Renln-expresslng cells are crucial in the control of blood pressure, fluid and electrolyte homeostasis and development ofthe kidney vasculature. Understanding the molecular mechanisms governing the acquisition of renin cell identity-and their plasticity to switch the renin phenotype on and off- is of fundamental biological and medical relevance. With the support of the R37 we generated mouse and cell models which allowed us to demonstrate that the identity and plasticity ofthe renin cell is determined by chromatin remodeling at the renin gene resulting from the balance between histone methylation and acetylation marks at the renin promoter. We further showed that cAMP plays a central role in the regulation of renin expression and renin cell identity and that the transcriptional effects of cAMP are mediated by the binding of CREB and histone acetyl transferases CBP/p300 to the cAMP response element (CRE) located in the enhancer region ofthe renin gene. While there is still work to be completed, the results obtained during the current cycle allow us to formulate with confidence a plan that will expand the depth of our understanding as to how renin cell identity is regulated. The overall hypothesis to be tested is that the identity of the renin cell is determined by the three- dimensional conformation of chromatin governed by: 1) renin gene locus specific and associated genome- wide epigenetic marks such as histone acetylation and methylation and DNA methylation patterns, 2) the establishment of gene-gene interactions and transcriptional factories ultimately responsible for the coordinated expression ofthe genes that confer the renin cell with its unique identity, and 3) interactions of the CRE (and associated Creb/CBP/p300) of the renin gene enhancer with regulatory elements within the renin gene (RBP-J, Hox/Pbx sites) and other genes in the genome are ultimately responsible for the pattern of unique genome-wide epigenetic changes, chromosomal looping and transcriptional factories that determine the identity and fate of the renin cell.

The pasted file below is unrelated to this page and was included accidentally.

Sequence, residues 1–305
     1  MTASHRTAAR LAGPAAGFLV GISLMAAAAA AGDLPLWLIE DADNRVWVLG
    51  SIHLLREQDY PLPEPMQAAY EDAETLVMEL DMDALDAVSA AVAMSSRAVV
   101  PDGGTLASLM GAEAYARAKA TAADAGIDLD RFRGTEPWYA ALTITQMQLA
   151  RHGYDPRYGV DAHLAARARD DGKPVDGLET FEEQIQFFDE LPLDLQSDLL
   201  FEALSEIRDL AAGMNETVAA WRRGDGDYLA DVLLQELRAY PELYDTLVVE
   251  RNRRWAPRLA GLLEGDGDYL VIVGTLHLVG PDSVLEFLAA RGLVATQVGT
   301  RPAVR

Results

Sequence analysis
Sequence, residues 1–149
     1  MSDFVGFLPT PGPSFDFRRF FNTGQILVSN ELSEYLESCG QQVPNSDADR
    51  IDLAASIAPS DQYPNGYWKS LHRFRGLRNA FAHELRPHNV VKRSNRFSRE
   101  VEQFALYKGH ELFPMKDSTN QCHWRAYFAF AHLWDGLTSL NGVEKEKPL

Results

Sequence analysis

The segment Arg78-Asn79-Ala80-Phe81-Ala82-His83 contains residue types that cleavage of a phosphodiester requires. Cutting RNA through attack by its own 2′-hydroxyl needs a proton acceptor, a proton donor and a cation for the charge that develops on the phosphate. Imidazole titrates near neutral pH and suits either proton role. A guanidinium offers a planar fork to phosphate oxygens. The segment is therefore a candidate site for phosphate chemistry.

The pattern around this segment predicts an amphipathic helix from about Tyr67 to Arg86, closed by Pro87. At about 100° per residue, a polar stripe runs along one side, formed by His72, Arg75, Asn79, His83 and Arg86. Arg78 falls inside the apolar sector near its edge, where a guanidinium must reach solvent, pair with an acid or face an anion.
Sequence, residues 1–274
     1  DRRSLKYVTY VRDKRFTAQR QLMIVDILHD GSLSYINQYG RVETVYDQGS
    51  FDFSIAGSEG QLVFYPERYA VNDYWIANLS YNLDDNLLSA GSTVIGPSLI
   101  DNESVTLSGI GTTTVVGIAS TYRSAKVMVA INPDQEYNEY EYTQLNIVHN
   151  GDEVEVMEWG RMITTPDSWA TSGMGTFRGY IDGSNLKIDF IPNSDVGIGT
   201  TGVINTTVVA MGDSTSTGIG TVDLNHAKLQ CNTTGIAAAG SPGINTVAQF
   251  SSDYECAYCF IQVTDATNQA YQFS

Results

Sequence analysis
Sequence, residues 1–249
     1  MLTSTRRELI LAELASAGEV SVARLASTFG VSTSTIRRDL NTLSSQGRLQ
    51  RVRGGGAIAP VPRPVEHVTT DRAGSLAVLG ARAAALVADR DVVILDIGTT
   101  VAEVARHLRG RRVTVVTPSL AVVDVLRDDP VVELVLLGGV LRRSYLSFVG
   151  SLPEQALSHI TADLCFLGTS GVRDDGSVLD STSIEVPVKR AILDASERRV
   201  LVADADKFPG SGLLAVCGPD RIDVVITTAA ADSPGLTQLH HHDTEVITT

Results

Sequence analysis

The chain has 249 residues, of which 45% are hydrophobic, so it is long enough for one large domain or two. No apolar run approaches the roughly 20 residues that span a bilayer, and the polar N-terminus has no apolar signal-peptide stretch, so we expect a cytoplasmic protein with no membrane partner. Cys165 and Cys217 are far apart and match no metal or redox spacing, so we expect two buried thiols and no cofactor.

The proposed work should provide fundamental new information regarding the molecular-genomic mechanisms that control renin cell identity and plasticity. Novel information gained form these studies may be of benefit to individuals affected by hypertension, cardiovascular diseases involving tissue repair, vascular development and renal diseases resulting from abnormal vascular structure and/or differentiation.
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